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Coutinho: 2011 Mets Continue To Redefine Their Season

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Jason Bay (credit: Al Bello/Getty Images)

Jason Bay (credit: Al Bello/Getty Images)

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By Rich Coutinho
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The Mets were supposed to be way under .500 by now. Some of their players were supposed to have been traded by now. Citi Field was supposed to be a ghost town by now. Injuries were supposed to wear them down by now.

The Mets were not supposed to matter by now.

Well, it looks like someone forgot to tell Terry Collins’ squad. They do matter and yes, Mets fans, you are in a playoff race.

Every time you think this team has absorbed too much they bounce off the canvass, ready to slug it out. Early in the season, most Mets fans I know fed into the negativity — even though I told you this was an 85-win team — and that was with the services of Ike Davis and David Wright. A 5-13 start is horrendous for any team, but for a Mets club  trying to establish themselves as more than an afterthought, it was disastrous — or so we were told.

All the Mets have done in the 68 games since is play 10-games over .500. That’s much more indicative of their overall play than that miserable 18-game stretch at the start of the season.

What’s been really impressive is the way the Mets play away from Citi Field. No team in the National League has won more road games than the Mets. They have recently taken road series in Milwaukee, Atlanta, Texas and Detroit, playing all four when they were red-hot. The Amazin’s are in the midst of a 16-game stretch that was supposed end their season with four road series sandwiched between a three-game set against the Yankees. They responded by going 7-4 so far, showing their resiliency and toughness on a game-in, game-out basis.

We all know how much Jose Reyes has meant to this team’s success. Mets fans may think without him in the lineup, even for a few days, things might unravel. But they have not. Angel Pagan has stepped into the leadoff spot and come up with some big hits while Carlos Beltran and a rejuvenated Jason Bay have taken care of the run production. Meanwhile, the starting rotation has continued to impress, allowing the Mets to do more with less. The bullpen also suddenly has depth with Pedro Beato and Bobby Parnell assuming bigger roles in the late innings.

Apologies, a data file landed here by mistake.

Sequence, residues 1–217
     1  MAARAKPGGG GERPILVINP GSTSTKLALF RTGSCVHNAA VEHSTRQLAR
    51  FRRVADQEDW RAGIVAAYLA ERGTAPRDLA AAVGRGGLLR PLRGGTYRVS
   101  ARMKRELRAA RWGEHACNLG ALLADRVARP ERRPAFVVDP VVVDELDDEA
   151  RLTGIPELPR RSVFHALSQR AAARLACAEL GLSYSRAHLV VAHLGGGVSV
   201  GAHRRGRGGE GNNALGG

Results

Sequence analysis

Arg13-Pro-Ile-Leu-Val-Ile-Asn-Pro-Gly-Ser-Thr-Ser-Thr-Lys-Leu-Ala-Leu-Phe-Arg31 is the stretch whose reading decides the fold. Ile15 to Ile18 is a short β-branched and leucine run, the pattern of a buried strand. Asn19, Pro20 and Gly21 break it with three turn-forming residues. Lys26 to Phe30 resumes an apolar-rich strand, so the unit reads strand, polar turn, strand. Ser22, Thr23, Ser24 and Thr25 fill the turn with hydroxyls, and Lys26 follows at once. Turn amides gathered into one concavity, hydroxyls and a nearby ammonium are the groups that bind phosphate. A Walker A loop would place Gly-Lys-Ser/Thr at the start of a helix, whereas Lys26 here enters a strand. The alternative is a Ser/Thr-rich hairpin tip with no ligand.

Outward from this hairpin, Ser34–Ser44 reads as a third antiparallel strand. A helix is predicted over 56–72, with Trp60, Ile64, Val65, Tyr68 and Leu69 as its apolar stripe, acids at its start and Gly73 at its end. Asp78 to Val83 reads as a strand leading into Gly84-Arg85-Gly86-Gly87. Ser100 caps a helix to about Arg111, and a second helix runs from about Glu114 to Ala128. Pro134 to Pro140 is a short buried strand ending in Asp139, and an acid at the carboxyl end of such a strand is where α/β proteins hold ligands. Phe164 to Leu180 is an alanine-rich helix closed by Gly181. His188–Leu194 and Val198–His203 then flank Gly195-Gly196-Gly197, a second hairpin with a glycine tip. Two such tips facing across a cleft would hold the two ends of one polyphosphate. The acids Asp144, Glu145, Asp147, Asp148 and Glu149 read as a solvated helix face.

Of course, when you pick up the paper all you see is trade talk: the Mets are talking to this team or that team. That doesn’t mean the Mets are preparing to trade anybody just yet. All it means is Sandy Alderson is doing what every general manager should be come July — testing the waters.

Make no mistake about it: the Mets are less anxious than ever to make a deal or several. The team is winning. The front office is keenly aware of the public perception — this team is in a playoff race, and this group is easy to root for.

The Mets pulled in some good crowds for the last two homestands — granted some of that was due to Subway Series — but how do you explain the numbers they got against the A’s? I think fans like this team because they are flawed, but boy do they hustle and play the game right. Whether it is because players are in contract years or whether it is because they are a bunch of young players trying to carve out a career, there is no denying this team plays tough for Collins. Everyone in that clubhouse is contributing.

The question remains: where is the ceiling for this team? That’s hard to say, but why is it so unbelievable to think the Mets will play at the same level for their next 68 games? That would put them at 83-71 with 8 games left in the season. I have said all year that 88 wins will snare the NL Wild Card. So you do the math.

At 5-3 in their last 8, the Mets could sneak in and grab it. And that’s just playing at their present level — not accounting for the addition of Wright or any contribution from Johan Santana.

Now, you can choose to immerse yourself in Mets trade talk or you can enjoy watching this hard-nosed team — a club that amazin’ly refuses to believe they are doomed. You make the call.

Are you with Coutinho? Make your case in the comments below…

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